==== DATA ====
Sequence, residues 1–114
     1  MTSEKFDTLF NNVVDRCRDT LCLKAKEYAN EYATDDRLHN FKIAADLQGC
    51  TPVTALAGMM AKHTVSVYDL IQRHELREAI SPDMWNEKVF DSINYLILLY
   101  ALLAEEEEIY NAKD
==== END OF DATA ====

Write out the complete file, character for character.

Sequence, residues 1–114
     1  MTSEKFDTLF NNVVDRCRDT LCLKAKEYAN EYATDDRLHN FKIAADLQGC
    51  TPVTALAGMM AKHTVSVYDL IQRHELREAI SPDMWNEKVF DSINYLILLY
   101  ALLAEEEEIY NAKD